Wild Dawn, one of my favorite American frontier books, written as Cait Logan, is re-appearing by Cait London :) BTW, I traveled to research, and the "dawn" overlay in the cover is actually the sunset taken from my home.
Here is my Dear Reader letter in the book, because to me, author's backstories are interesting:
As Cait Logan, I wrote several western historical romances, and category (series romance). I’m placing these into epublishing (as Cait London) for those who enjoyed them the first time, and those who are just discovering these lovely Northwest historicals. (I hope you read Delilah and the Mountie, one of my favorites, now available.) I traveled these trails and visited forts and vistas, and loved every minute of research.
Wild Dawn reflects how many bargain-made marriages began in history. To survive in Wild Dawn, and with danger all around Lady Regina, evil pursuing her, she must accept the mountain man, MacGregor’s offer of safe-keeping and marriage. While MacGregor is serious about marriage, he’s pretty rough around the edges, though he means well. But Regina only wants his help to get to safety. And then, there’s Jack, his adorable little son, just four months old and needing a woman’s care. MacGregor will fight to keep this English lady safe and safely wed to him... He’s in for a surprise with this “little woman”, set on escaping him and building her own life. For MacGregor and Regina, it truly is a new start, a new Wild Dawn.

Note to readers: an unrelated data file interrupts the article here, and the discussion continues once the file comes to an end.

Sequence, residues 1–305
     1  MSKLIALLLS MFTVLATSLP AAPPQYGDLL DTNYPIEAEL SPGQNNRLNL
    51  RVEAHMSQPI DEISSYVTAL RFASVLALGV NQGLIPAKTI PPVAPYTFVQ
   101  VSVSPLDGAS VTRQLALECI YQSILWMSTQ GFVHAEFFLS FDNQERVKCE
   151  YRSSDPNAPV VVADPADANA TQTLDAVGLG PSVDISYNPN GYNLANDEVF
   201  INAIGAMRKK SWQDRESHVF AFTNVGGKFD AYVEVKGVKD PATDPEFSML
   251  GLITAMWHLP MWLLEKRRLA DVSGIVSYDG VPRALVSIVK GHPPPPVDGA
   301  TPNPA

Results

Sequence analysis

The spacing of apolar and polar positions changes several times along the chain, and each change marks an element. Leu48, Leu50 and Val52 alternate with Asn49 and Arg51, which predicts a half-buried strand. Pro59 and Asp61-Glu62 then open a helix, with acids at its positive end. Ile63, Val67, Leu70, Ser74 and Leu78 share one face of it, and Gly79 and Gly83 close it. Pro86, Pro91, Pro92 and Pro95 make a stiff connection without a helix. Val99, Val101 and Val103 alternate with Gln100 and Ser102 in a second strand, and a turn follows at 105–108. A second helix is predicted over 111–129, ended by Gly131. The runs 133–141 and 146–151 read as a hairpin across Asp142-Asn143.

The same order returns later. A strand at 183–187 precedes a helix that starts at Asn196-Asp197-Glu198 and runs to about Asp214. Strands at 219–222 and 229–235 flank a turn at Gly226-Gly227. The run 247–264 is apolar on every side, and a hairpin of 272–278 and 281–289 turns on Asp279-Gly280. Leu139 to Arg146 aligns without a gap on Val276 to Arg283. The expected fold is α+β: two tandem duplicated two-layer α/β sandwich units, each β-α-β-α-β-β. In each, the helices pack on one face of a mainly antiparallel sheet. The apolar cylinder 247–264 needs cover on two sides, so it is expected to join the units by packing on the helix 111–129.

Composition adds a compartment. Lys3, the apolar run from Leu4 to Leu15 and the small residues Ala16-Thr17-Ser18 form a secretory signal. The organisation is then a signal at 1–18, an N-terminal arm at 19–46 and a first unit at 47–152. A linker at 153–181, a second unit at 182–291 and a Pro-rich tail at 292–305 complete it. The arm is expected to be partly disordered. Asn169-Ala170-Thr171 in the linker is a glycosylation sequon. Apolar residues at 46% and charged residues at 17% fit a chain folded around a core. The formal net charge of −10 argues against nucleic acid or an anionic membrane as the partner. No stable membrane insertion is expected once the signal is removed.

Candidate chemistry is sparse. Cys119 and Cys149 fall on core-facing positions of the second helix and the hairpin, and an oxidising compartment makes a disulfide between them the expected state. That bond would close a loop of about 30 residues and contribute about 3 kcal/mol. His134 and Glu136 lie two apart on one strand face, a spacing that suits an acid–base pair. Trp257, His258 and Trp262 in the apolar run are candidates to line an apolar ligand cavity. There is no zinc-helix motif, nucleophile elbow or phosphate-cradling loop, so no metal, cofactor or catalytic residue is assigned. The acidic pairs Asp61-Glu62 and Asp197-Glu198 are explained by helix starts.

I just love MacGregor, rough as he is. One of my favorite heroes, and I hope yours.
I also fell in love with the paisley shawl, a fashion of the day, and used that as a theme in a contemporary weaver’s novel, Tallchief for Keeps, a romance amid the Tallchief Silhouette Desire miniseries.
As an artist, I loved these written canvases and I hope you do, too.
How the mountainman MacGregor proposed to the English Lady Regina, who has been deserted and is starving in a mountain cabin is next....
He shifted his arm beneath the fur cape, the wind lifting the edges about his calves. “My son, Jack, is under this robe. He needs that cabin tonight, and I’m coming in. That fancy little gun won’t go through buffalo hide. The chambers are empty anyway.... Tuck it away.”
When she stared at him blankly, he nodded and took a deep breath. “I’d appreciate you asking me in. I’ve come a long way for you.”
Long legs shifted restlessly beneath the buffalo cape. “The Indians know you’re MacGregor’s woman—that’s me—MacGregor. I’m needing a woman for Jack, ma’am, and you’re the choice cow of the herd.”
“Cow?” she repeated blankly.
“Female... woman,” he answered impatiently. “You’ll find I’m not good with words.”
Stunned, Regina’s gaze slid down the tall man’s body, shrouded by the cape down to his buckskin leggings and boots.
A cold chill ran up her spine before she straightened her shoulders. Fear danced over her flesh like icy sleet. The mountain man had no claim on her; his arrogance caused her to remember her father.
“I’m a blunt-spoken woman,” she tossed back at him. “I haven’t heard of you, nor am I ‘your woman.’ If you have a child in your robes, show him to me and you may have shelter for the night.”
When he spoke the wind rose, penetrating the rags covering her feet. MacGregor’s black eyes sliced at her, and his voice reminded her of a castle mastiff’s growl. “No one doubts my word, ma’am. Jack’s tucked in snug enough, and I’m not bringing him out until we’re in the cabin. I’m done palaverin’—talking.”